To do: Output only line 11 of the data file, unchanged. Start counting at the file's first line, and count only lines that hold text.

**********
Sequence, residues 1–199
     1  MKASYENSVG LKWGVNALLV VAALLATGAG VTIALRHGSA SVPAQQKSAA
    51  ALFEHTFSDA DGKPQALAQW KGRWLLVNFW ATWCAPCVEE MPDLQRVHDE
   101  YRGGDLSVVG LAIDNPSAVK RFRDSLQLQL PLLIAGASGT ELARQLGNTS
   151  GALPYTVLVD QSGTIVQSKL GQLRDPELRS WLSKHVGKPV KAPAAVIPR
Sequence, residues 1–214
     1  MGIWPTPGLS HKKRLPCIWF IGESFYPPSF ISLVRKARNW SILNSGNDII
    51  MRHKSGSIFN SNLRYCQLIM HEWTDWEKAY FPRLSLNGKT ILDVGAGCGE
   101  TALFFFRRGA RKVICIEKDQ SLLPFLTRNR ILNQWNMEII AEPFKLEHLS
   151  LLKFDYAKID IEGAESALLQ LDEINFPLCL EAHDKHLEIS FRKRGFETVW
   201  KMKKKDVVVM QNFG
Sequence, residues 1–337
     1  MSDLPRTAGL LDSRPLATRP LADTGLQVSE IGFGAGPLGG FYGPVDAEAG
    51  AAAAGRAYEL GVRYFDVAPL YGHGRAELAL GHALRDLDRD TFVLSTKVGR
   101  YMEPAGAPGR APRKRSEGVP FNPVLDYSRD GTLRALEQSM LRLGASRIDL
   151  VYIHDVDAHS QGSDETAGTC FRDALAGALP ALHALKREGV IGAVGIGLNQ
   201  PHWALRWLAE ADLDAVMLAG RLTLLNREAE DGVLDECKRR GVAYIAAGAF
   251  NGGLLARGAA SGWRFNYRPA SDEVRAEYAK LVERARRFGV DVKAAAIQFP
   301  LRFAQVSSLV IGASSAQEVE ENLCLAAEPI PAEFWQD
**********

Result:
   201  KMKKKDVVVM QNFG